It is also a major oil- and gas-producing nation and a crucial link in the $45 billion Southern Gas Corridor, a 2,100-mile pipeline from Baku to Italy that will bring Caspian Sea gas to Europe.

Mammadov, a fluent English speaker who is comfortable in Europe and the United States, also was emerging as the fresh face his country needed to project modernity and vitality to the world.

He became the founder of the Azerbaijan America Alliance, which blew into Washington in 2011 like a hurricane of cash.

In the next four years, the alliance spent more than $12 million lobbying, records show, wining and dining Washington policymakers in an effort that Baku’s critics called “caviar diplomacy”.

To Trump, Azerbaijan looked ripe for a business deal.

Garten, Trump’s attorney, said Trump was approached by “an intermediary known to both sides” to propose the hotel deal with Mammadov’s company, but he said he could not remember that person’s name.

Trump was “intrigued” by Azerbaijan, Garten said, because it was in “a region that was trying to establish itself.”

Garten noted that Marriott, Hilton, Four Seasons and other luxury hotel chains were investing there, so “that’s something that’s going to be on your radar.”

The licensing agreement between Trump and Mammadov’s company, Garant Holding, was signed on May 25, 2012, Garten said. The project would not be publicly announced for two years.

When Trump announced his hotel deal with Mammadov in 2014, Baku was a blazing centre of development. Across the modern seafront city, buildings were popping up as fast as developers could build them, all driven by sky-high oil prices that just kept rising.

Concerts in Baku by pop stars Jennifer Lopez, Rihanna and others had helped solidify the image of a US-friendly nation eager to annoy the Iranian mullahs just across the Caspian.

Burton wrote last year in “The Washington Times” that Azerbaijan had made remarkable progress in areas such as religious tolerance and gender equality in its quarter-century as a country following the collapse of the Soviet Union and “stands out as a friend to America and a stabilising force in the region.”

In his announcement, Trump said that Garant Holding would build and own the sail-shaped tower with 72 “ultra-luxury residences” and 189 hotel rooms. Trump would license his name to the project, which had been under construction for several years, and eventually his organisation would manage the hotel.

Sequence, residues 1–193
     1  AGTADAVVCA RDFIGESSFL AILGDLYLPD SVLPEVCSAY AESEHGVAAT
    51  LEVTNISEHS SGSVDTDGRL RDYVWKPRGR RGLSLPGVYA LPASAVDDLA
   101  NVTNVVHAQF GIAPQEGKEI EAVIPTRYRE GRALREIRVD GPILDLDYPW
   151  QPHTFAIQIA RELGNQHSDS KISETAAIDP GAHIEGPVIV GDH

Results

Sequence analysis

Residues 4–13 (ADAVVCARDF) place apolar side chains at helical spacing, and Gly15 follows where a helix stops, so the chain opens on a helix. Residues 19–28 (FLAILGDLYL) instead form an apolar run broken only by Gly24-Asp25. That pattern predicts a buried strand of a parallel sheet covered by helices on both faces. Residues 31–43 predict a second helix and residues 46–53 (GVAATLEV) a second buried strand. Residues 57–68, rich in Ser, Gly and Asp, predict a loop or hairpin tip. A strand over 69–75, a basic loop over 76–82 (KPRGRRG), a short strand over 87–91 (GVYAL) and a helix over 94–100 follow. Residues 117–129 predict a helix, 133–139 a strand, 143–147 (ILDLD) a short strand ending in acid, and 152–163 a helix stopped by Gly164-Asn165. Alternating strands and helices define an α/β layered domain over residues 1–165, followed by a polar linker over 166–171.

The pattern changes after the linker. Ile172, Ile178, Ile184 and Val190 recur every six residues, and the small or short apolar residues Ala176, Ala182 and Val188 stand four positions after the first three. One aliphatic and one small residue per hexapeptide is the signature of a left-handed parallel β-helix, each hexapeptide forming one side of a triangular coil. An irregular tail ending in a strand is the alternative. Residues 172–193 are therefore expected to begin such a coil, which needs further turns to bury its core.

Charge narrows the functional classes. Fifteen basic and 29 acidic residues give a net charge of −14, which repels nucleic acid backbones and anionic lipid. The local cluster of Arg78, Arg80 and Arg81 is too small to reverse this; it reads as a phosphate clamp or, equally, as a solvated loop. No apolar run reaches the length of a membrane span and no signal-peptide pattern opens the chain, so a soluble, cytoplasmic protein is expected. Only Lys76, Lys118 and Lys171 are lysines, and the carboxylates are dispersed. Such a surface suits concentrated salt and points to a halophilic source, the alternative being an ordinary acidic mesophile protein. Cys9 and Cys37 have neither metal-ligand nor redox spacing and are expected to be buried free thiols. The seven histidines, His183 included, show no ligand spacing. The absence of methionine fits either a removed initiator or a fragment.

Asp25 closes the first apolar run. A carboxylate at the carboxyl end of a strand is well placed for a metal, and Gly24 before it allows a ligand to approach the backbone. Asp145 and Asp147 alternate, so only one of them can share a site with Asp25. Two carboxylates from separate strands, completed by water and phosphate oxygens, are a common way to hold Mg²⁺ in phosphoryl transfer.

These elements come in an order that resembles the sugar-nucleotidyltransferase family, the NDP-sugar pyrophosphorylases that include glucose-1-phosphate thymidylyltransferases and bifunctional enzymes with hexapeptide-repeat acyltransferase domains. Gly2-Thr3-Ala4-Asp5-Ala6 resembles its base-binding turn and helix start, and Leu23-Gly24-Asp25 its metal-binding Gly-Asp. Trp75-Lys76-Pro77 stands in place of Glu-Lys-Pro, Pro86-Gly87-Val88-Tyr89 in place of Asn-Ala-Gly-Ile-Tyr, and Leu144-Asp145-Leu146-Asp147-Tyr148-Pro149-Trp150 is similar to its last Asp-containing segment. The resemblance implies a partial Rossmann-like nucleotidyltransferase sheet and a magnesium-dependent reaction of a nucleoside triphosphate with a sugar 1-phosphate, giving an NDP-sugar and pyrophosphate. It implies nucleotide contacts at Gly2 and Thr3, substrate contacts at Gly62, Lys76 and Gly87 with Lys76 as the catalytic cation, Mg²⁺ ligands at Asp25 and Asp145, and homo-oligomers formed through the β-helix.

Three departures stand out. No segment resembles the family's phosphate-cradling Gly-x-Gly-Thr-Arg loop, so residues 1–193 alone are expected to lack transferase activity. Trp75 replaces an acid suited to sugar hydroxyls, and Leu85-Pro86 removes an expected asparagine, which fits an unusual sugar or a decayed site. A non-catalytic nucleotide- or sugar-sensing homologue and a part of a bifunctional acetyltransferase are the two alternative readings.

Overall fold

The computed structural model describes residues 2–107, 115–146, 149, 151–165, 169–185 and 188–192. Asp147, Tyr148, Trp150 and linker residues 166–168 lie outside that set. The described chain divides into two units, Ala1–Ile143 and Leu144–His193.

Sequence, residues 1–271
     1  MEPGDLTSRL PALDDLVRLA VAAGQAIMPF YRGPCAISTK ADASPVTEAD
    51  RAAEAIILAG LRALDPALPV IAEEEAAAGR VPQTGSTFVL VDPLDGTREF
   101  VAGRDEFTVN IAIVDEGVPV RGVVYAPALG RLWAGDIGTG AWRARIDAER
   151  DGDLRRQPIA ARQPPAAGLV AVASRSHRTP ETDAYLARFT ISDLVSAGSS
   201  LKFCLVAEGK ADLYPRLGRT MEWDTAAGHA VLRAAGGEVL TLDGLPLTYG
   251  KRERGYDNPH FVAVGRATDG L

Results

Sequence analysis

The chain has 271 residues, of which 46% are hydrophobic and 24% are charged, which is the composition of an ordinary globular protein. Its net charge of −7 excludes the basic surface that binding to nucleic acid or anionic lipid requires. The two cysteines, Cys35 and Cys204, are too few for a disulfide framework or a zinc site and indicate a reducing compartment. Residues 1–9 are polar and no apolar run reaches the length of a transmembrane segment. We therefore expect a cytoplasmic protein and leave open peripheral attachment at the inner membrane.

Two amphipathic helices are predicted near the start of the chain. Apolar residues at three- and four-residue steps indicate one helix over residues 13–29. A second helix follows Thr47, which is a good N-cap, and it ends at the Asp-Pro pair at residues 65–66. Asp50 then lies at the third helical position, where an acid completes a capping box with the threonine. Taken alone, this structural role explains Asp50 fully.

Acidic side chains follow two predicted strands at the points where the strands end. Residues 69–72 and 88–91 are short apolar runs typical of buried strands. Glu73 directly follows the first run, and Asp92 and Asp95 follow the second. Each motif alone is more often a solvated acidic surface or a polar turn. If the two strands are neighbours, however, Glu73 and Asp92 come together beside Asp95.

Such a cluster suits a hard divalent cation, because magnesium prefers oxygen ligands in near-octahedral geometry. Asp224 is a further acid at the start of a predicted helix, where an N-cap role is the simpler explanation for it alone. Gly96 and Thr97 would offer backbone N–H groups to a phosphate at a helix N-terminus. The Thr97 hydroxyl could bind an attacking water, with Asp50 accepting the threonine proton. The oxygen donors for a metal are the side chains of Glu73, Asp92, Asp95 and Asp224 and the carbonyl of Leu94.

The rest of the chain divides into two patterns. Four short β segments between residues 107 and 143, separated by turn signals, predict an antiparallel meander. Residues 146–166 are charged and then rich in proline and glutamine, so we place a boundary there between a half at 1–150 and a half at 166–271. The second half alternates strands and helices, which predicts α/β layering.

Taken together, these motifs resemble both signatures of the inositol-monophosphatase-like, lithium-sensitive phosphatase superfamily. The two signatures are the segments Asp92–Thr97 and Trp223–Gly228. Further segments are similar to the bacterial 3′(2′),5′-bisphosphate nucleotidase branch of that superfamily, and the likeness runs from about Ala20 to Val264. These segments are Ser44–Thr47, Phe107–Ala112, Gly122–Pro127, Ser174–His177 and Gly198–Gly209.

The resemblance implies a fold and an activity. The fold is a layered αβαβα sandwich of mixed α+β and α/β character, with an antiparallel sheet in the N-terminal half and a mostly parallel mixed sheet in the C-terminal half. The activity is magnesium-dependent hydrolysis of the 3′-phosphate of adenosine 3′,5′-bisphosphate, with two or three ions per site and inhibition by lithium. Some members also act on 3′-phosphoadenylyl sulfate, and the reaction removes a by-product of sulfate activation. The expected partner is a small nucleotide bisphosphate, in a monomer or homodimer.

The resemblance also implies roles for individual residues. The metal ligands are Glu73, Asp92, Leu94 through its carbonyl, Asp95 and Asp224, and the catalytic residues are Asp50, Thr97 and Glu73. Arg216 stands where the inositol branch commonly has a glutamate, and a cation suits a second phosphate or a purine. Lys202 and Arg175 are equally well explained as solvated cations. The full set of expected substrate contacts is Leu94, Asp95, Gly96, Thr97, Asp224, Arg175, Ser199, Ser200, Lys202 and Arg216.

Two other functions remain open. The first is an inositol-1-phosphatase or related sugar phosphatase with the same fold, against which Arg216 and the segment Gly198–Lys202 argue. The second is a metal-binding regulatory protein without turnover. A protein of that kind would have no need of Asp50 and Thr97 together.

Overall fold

“When we open in 2015, visitors and residents will experience a luxurious property unlike anything else in Baku — it will be among the finest in the world,” Trump said in the 2014 news release.

Mammadov said then that his company was “thrilled to work with the Trump Organization, the most renowned luxury developer in the world.”

During a visit to the building site, Trump’s daughter Ivanka gushed that the building “reflects the highest level of luxury and refinement. We are looking forward to bringing our unparalleled Trump services and amenities to Azerbaijan,” she said.

The Baku hotel went up on the Trump website. The 2015 opening was promised.

Then, nothing.

In December, the hotel disappeared from the Trump site.

Today, a couple of security guards and a sleepy caretaker keep an eye on the place, which is overgrown with weeds. A huge globe that says “TRUMP” sits in a fountain filled with sand and litter, near the locked-up front entrance.

“We have had an interruption in the construction,” Khalid Karimli, chief financial officer for Garant Holding, said in an interview at his company’s Baku headquarters.

Karimli noted that Azerbaijan’s economy was devastated when oil dropped from more than $100 a barrel in 2014 to as little as $26 last year. The Azerbaijani currency was devalued by the government and is now worth about half its previous value.

The once-booming city skyline is now blighted with half-finished buildings topped by idle cranes. Businesses have shut, and thousands have lost jobs.

Karimli said Garant is renegotiating contracts with its builders that are all denominated in dollars. With Azerbaijani currency worth half its old value, that means the price of the Trump project has effectively doubled for Garant.

Karimli said construction was about 90 per cent complete and that he hoped it would resume in the next “one or two months.” He said the hotel, which had been scheduled to open last December, would open “maybe next year.”

The only key player who has not lost money on the project is Trump. Trump’s deal is not being renegotiated and his fees will not be reduced, said Karimli and Garten, neither of whom would disclose how much Trump was being paid.

Garten said the Baku project was hit by economic factors beyond Trump’s control. He said the global recession that started in 2008 forced the cancellation of many other projects — for Trump and for developers throughout the world.

“A lot of developers lost their entire portfolios and fortunes,” he said. “Mr. Trump came through that as well as anyone.”

Karimli said Mammadov initially wanted to license Trump’s name because it was known among political and business leaders in Azerbaijan, as well as international businessmen who would be attracted to a five-star hotel in Baku.

But now that Trump is running for president, Karimli said, Trump’s name is worth far more for the Baku hotel project. “It was a good investment and unexpected,” he said with a laugh. “We hope Trump will be elected president.”